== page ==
Acoustical and Environmental Robustness in Automatic Speech Recognition

This dissertation describes a number of algorithms developed to increase the robustness of automatic speech recognition systems with respect to changes in the environment. These algorithms attempt to improve the recognition accuracy of speech recognition systems when they are trained and tested in different acoustical environments, and when a desk-top microphone (rather than a close-talking microphone) is used for speech input. Without such processing, mismatches between training and testing conditions produce an unacceptable degradation in recognition accuracy.

Two kinds of environmental variability are introduced by the use of desk-top microphones and different training and testing conditions: additive noise and spectral tilt introduced by linear filtering. An important attribute of the novel compensation algorithms described in this thesis is that they provide joint rather than independent compensation for these two types of degradation.

Acoustical compensation is applied in our algorithms as an additive correction in the cepstral domain. This allows a higher degree of integration within SPHINX, the Carnegie Mellon speech recognition system, that uses the cepstrum as its feature vector. Therefore, these algorithms can be implemented very efficiently. Processing in many of these algorithms is based on instantaneous signal-to-noise ratio (SNR), as the appropriate compensation represents a form of noise suppression at low SNRs and spectral equalization at high SNRs.

The compensation vectors for additive noise and spectral transformations are estimated by minimizing the differences between speech feature vectors obtained from a "standard" training corpus of speech and feature vectors that represent the current acoustical environment. In our work this is accomplished by a minimizing the distortion of vector-quantized cepstra that are produced by the feature extraction module in SPHINX.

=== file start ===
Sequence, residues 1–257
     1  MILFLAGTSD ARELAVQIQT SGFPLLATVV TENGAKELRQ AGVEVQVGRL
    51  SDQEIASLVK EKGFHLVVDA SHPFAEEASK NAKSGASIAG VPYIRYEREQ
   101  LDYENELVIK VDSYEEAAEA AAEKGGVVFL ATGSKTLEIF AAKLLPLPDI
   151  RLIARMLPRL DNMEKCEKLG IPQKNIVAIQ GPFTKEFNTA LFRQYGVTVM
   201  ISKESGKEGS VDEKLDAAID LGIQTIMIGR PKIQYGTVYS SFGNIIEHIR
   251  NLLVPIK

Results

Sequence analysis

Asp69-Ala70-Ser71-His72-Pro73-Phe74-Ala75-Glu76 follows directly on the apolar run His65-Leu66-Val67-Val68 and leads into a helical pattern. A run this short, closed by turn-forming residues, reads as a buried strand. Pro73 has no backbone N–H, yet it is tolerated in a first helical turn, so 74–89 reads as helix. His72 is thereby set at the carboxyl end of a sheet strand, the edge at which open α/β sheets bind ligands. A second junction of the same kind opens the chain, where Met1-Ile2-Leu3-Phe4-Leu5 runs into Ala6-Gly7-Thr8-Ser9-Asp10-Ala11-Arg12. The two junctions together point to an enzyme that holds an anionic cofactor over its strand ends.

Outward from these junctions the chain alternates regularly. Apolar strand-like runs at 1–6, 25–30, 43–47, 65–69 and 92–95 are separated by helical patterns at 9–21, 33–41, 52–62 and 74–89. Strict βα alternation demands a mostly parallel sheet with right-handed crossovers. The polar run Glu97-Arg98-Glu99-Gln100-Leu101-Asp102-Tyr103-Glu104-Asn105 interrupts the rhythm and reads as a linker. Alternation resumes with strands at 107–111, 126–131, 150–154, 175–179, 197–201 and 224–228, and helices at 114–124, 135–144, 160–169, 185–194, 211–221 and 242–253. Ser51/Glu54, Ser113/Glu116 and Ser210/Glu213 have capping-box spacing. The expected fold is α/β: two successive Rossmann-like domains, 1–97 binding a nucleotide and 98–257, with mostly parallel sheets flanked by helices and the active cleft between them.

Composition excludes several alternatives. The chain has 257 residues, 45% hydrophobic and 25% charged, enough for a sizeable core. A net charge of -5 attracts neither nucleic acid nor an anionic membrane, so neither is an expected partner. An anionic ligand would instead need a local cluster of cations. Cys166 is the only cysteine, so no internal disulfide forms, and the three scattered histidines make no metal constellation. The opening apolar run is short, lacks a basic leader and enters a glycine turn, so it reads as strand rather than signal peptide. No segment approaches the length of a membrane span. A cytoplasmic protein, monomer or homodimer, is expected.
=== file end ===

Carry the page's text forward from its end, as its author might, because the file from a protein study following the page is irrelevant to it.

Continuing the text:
In this dissertation we describe several algorithms including the SNR-Dependent Cepstral Normalization, (SDCN) and the Codeword-Dependent Cepstral Normalization (CDCN). With CDCN, the accuracy of SPHINX when trained on speech recorded with a close-talking microphone and tested on speech recorded with a desk-top microphone is essentially the same obtained when the system is trained and tested on speech from the desk-top microphone.

An algorithm for frequency normalization has also been proposed in which the parameter of the bilinear transformation that is used by the signal-processing stage to produce frequency warping is adjusted for each new speaker and acoustical environment. The optimum value of this parameter is again chosen to minimize the vector-quantization distortion between the standard environment and the current one. In preliminary studies, use of this frequency normalization produced a moderate additional decrease in the observed error rate.

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